MUDIE WAS DILIGENT IN PURSUING A MAN BY THE NAME OF WATTS. HERE IS AN EXTRACT OF THE ISSUES WHICH INCENSED SAID MUDIE. THESE COVER THE PERIOD OF TIME IN WHICH MELINDA MARRIES BASIL.
The date of Mr. Cavanagh’s first application to’Mr.
Hely, relative to Watt, was 7th January, 1835; and, a
document published in the Sydney Monitor of September
12, 1836, certifies, in the usual wav, that Jemima Chapman
was delivered of a female child in the factory, on
the 17th of April, 1834, and that the said child was the
offspring of her (the said Jemima Chapman, a convict),
and of William Watt, also a convict.
This certificate is of the birth of the first of the children
born by Chapman to Watt ; and Mr. Cavanagh, in
his charges, and also in his affidavit, declares that Watt
and Chapman were actually cohabiting together at the
time that his (Mr. Cavanagh’s) charges were preferred, and
that they had been so cohabiting together for years, and
had issue !
These dates are very important; for, about six months
afterwards, when the author of this work, then a justice
of the peace, at length succeeded in bringing Watt before
a bench of magistrates, justice was again defeated, —
and one of the pretexts for defeating justice was, that the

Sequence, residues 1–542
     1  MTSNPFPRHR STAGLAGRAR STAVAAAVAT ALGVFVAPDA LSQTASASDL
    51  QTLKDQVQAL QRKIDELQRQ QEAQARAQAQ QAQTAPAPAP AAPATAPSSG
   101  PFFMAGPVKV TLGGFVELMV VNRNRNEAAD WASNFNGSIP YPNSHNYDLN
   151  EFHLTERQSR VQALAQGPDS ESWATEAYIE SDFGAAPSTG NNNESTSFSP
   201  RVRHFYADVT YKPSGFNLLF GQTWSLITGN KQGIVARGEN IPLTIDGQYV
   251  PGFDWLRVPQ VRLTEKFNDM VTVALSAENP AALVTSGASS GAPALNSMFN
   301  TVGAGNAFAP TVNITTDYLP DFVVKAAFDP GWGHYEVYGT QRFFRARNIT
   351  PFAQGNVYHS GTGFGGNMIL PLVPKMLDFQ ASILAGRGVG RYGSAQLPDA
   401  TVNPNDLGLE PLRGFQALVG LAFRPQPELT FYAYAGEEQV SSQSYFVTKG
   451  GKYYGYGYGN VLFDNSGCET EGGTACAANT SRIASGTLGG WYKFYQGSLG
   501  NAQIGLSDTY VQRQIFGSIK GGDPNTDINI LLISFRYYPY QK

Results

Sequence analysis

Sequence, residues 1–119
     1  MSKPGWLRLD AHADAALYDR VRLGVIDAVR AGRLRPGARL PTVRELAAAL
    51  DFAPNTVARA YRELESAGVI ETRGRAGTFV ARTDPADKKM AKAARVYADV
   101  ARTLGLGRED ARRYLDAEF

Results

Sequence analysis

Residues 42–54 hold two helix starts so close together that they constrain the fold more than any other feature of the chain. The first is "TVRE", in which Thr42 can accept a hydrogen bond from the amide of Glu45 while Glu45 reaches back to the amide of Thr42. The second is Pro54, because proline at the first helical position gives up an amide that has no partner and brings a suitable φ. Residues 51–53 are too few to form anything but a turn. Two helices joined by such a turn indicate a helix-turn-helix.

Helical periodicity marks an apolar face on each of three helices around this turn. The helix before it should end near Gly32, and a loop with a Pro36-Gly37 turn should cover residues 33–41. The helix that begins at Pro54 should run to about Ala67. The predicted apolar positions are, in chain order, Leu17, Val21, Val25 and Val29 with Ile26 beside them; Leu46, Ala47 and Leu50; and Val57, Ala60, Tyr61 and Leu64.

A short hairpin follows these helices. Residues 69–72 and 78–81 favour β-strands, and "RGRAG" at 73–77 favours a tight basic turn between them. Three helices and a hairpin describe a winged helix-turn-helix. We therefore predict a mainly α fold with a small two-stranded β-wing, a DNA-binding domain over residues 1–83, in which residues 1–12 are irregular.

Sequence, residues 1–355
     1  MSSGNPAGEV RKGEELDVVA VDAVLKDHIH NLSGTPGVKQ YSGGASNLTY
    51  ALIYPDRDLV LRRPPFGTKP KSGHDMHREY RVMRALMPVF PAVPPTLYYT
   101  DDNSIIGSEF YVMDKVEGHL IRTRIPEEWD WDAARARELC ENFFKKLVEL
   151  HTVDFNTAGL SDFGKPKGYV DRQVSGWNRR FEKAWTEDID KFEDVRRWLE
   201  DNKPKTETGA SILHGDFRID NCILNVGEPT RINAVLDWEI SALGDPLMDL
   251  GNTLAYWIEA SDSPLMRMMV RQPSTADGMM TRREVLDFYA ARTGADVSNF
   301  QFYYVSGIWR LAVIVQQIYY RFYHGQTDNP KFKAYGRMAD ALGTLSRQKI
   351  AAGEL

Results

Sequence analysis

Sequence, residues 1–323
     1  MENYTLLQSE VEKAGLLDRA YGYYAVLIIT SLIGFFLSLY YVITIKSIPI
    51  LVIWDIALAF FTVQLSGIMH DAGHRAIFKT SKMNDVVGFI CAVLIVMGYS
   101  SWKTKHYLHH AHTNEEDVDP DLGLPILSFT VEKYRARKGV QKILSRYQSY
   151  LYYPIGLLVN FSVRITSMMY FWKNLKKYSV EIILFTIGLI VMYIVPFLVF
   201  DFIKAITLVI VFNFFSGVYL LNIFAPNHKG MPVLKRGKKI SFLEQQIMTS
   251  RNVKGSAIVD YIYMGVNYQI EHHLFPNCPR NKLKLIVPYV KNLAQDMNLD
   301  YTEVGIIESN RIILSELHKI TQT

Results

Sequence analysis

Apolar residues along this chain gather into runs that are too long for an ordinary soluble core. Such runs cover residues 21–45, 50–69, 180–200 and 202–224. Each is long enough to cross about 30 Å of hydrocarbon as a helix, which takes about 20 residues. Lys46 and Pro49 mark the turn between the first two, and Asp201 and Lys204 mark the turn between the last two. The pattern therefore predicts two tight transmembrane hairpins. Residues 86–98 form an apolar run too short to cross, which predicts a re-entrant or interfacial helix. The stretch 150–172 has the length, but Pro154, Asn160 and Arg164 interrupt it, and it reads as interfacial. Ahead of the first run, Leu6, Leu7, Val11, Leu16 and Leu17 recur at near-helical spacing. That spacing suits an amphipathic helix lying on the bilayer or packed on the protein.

alleged offence of the cohabitation had taken place so
long ago, that it was not fit that it should now be entertained !
The circumstances attending the second ineffectual
attempt to bring Watt to justice are still more extraordinary
than those which have just been narrated.
PATRICK WAS ASSIGNED TO HIS WIFE JUDITH MCNALLY. ONCE AGAIN MUDIE HAD STRONG OPINIONS ABOUT THESE MATTERS AND THE POWER AS MAGISTRATE TO ACT UPON SOME OF THEM.
Indeed, the more knowing ones, — that is, the very
worst characters amongst the convicts, — seldom undergo
any real punishment at all.
Whether thieves, burglars, receivers, forgers, swindlers,
or mail coach robbers, if they are ” well up to the
trick,” they bring out with them letters to some of the ”
old hands” in the colony, so as to ensure their being
applied fort as assigned servants by persons of the right
If they have secured a portion of the plunder they
had acquired in England, they easily make themselves
comfortable ; for in that case they enter into copartnery,
under the rose, with some one or other of the
emancipated felonry, who, being enabled by the funds of
their convict partners to take houses or enter into business,
apply to have their partners assigned to them as
servants, and the gentlemen convicts fall upon a bed
of roses at once !
If a wife has been left in England with the charge of
the spoil, she follows her husband in the first ship ; —
on her arrival she takes a house, and then petitions the
Governor to have her husband, — the father of her children,-—
assigned to her as her servant, — in which petition
her husband of course joins. If she has no children of
her own, three or four brats are easily borrowed in Sydney
for the purpose of stage effect ; and off she sets for
government-house, where the sight of the affliccted